To further this USEF is a proponate of NAIS and you will have to have a Smart Card for your horse/pony to be able to eligible for any of their programs - EIA (Coggins testing) is the third item on the smart card.

If you are unaware of NAIS - I suggest you read up - this will effect your farm. It will cost a pretty penny if you have over a few head of horses/ponies.

Unfortunately the Fed Gov sees it as a money bank to promote traceability. Unfortunately it will come to a point where we have to report everytime we take a horse or pony off of our premise to a state or federal database.


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#29 muffntuf

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Posted 13 May 2009 - 10:00 AM

Again I will disagree Carin, it is not just for livestock, the Equine Industry is listed as a high on mandatory management in their business plan. EIA testing, if you are following the committee and sub-committee hearings is what the committee believes will help to enforce NAIS within the Equine Industry. It is a first step and all states will be required to have mandatory EIA testing.

Yes many states have long had equine EIA testing as mandatory within their borders, but it is the vehicle NAIS will use to make this feesible.

I do agree they have a long way to go in trying to enforce this as only 35% of farms in the US are registered, even in the livestock industries. But they are working feverishly to try to pull this off.

Reading the original Business Plan is not enough as they have revised it since and have added more cost documentation, etc. just in the last couple months.

They have also started formatting town hall meetings to hear small farms a voice in the concerns over the overall cost of instituting NAIS.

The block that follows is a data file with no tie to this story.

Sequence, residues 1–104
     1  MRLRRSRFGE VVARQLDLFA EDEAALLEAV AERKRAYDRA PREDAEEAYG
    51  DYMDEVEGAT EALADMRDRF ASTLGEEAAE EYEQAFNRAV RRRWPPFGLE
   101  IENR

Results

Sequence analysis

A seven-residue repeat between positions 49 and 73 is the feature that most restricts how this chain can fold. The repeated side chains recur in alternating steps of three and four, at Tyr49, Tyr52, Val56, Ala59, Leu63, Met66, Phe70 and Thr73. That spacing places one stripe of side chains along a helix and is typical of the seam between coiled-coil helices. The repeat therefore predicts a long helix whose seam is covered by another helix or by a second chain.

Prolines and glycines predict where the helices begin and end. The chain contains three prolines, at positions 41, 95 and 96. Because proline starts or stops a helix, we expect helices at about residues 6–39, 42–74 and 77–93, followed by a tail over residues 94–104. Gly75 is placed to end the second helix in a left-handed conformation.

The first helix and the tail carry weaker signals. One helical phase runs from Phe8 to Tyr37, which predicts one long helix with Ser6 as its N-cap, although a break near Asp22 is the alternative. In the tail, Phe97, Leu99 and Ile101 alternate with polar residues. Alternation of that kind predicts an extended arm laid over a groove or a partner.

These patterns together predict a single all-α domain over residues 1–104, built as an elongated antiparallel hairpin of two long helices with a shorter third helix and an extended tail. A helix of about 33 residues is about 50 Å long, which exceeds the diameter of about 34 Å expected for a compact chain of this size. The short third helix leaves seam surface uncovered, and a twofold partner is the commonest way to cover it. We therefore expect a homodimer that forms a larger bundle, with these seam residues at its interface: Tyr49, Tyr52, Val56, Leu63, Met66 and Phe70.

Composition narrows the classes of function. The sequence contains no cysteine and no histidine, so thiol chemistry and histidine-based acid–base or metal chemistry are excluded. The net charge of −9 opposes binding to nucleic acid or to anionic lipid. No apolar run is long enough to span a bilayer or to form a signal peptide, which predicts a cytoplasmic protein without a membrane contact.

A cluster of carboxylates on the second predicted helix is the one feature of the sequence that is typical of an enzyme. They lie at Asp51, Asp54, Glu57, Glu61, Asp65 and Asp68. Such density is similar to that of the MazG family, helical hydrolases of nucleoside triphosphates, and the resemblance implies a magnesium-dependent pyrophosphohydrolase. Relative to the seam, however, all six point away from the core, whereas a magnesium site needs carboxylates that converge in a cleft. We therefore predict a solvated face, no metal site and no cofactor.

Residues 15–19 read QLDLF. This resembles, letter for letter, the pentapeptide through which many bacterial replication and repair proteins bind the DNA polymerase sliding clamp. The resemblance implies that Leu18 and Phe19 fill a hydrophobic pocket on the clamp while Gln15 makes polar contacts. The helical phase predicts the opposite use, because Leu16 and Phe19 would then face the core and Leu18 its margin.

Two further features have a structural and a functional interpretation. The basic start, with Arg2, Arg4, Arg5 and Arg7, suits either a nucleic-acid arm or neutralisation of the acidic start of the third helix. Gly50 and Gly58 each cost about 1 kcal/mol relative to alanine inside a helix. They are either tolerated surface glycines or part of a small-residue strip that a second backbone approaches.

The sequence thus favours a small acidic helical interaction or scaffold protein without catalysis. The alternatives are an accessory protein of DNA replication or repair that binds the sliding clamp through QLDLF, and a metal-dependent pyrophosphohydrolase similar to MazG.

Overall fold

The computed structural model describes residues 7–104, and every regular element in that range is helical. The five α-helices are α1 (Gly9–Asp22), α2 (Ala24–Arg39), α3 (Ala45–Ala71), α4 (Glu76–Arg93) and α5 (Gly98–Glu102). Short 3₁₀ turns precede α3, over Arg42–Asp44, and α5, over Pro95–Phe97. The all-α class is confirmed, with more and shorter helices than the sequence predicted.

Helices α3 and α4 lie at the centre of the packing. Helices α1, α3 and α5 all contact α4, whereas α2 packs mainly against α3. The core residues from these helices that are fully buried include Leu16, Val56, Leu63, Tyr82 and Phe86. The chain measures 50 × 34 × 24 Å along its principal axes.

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#30 Margo_C-T

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Posted 13 May 2009 - 10:41 AM

Suzie, the Coggins 'clinic' sounds like a great idea, and one to emulate, especially now that it appears that EVERYONE who wants to take a horse ANYWHERE will need one.

Brenda(wpsellwood)--what moved you to check w/ the NM state vet? I found nothing about the EVA requirements in the SF show premium; now I wonder how many will arrive w/o having fulfilled those NM requirements, and if they do, what the result will be? The NMLB website states all of them, says they are effective April 1, 2009, says nothing about a grace period, also states that NM STATE requirements must be met first, then the requirements of the particular exhibition.

BTW, I completely agree w/ muffntuff about NAIS; they are clearly 'making use' of the Coggins requirements to serve their own ends. GREAT deal for those who manufacture the tracking devices, though(and who've lobbied FOR this travesty/ invasion of personal rights.) I WON'T be 'registering' my place...oh, HE**, no!

Margo

PS...There is a discussion now within the driving group members within which this info was emailed out; some still seem to believe that the 'new', or at least, newly-stated, requirements, apply only to 'import' horses, but it states 'movement within the state', or words to that effect; to me, that means both in-state AND out-of-state origin...looks like I need to be putting $$ back to pay for Coggins for my minis who NEVER go out-of-state, only trail drive or go to friends' places to drive nowadays.

Late last fall, I gave one of my two AMHA Champion mini geldings-the 22 year old- to a wonderful driving home in MS. Of course, he needed a current Coggins and 30 day health cert...I hauled him to the 'local' vet, about 6 miles from me. The Coggins results, which I had to go back to get, and the health cert, done by the young 'associate' female vet, cost nearly $60-a significant amount, IMO! I knew this office was 'extra' pricey; but time was of the essence, and it is a 75 mile round trip to the 'in-town' vets I've been an 'occasional' client of for years. ) The young associate didn't even take the horse's temp; just glanced at him, and rushed off to visit with some folks who'd just driven up...but I paid 'full price' for the 'health certificate'. And as for presuming that a health cert. means a vet has 'at least seen' the horse--don't bet on it....